Even at extremely high concentrations, the bicarbonate did not seal off the soil
When it comes to fearmongering in turfgrass, I’m not sure there is a bigger one than bicarbonate (HCO3-). One often hears of supposed problems associated with bicarbonate. I’m still waiting to see a soil or turfgrass problem associated with this ubiquitous anion. It is ubiquitous because atmospheric carbon dioxide is dissolved in water, and carbonate minerals dissolve in soil water, and thus bicarbonate will always be present.
Brian Whitlark wrote about an interesting project by Obear and Soldat to see if bicarbonate applied at high rates could actually “seal off” a soil. Even when high rates of bicarbonate were applied, the water movement in the soil was not affected.
There are plenty of things one needs to worry about in the irrigation water quality and soil moisture and soil chemistry management of turfgrass. Bicarbonate isn’t one of them.
What one needs to know is the salinity (the amount of salt) in the irrigation water, and in the soil, and in the water one also needs to know the sodium adsorption ratio (SAR). If the SAR of the irrigation water is high, then one will also want to know the exchangeable sodium percentage (ESP) of the soil.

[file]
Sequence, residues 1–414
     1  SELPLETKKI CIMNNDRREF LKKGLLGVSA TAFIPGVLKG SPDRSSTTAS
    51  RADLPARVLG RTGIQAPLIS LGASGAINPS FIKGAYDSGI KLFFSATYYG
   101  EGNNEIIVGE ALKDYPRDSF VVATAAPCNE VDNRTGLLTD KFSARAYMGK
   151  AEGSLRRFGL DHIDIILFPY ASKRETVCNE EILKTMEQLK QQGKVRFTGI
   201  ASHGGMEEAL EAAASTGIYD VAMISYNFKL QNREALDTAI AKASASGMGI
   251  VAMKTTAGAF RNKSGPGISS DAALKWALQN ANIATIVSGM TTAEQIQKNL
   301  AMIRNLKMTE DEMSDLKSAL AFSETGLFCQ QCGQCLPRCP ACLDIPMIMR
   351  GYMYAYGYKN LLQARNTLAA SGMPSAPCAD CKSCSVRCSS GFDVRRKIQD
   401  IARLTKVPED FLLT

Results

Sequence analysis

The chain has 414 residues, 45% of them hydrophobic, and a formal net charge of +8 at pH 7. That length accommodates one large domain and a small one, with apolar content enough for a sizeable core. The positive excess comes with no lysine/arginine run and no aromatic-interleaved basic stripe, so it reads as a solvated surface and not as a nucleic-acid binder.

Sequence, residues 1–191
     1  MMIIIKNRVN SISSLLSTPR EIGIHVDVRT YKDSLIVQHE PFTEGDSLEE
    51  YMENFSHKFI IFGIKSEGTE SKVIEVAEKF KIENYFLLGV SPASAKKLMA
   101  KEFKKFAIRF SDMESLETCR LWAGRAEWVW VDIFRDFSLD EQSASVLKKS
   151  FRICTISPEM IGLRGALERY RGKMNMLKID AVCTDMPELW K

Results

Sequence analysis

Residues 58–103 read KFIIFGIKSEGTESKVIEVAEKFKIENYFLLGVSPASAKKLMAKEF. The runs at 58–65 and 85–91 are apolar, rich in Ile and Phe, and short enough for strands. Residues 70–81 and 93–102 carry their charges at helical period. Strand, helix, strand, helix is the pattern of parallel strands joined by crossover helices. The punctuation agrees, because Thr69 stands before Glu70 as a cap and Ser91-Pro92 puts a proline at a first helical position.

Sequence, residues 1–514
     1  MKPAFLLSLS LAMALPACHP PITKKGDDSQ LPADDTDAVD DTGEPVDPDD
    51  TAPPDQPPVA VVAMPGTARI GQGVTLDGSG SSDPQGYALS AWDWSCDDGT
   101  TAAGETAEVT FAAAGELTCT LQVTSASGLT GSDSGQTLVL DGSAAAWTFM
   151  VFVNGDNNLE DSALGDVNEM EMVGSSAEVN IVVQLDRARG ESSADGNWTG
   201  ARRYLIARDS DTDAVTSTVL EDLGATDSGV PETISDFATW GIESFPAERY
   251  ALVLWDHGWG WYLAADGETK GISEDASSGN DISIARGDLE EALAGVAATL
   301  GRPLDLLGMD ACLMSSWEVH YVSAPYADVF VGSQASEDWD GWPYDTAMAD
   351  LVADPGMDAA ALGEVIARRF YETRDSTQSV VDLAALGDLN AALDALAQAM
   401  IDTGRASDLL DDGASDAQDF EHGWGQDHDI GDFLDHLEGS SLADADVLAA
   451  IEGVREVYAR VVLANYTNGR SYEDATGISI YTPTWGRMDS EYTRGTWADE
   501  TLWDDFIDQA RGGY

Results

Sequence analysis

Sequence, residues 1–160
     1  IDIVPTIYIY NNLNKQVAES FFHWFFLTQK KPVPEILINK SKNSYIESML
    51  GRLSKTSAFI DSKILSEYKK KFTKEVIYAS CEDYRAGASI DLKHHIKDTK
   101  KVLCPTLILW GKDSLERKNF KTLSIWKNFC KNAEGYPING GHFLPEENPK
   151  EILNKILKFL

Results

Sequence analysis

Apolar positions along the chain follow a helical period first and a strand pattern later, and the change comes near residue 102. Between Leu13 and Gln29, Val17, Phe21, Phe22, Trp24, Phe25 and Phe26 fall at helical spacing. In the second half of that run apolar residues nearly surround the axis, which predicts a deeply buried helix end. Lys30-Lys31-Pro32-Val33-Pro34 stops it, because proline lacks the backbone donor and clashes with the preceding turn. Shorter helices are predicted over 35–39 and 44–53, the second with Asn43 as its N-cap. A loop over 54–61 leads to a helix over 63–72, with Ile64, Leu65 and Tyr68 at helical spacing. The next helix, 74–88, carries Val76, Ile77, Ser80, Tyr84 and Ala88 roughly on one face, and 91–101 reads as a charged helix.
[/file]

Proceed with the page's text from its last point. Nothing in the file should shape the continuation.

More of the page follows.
Unless one is growing turf in a sand rootzone. In a sand rootzone, the SAR and the ESP don’t matter, so one only needs to worry about the salinity.
- Why I don't worry about infiltration rate
- It doesn't have to be so complicated
- No matter how much sodium one puts into a sand rootzone, the soil structure cannot be affected, so gypsum won’t be required
- 2 similar approaches to turfgrass nutrition, with 1 notable difference
- Is sodium an imaginary problem?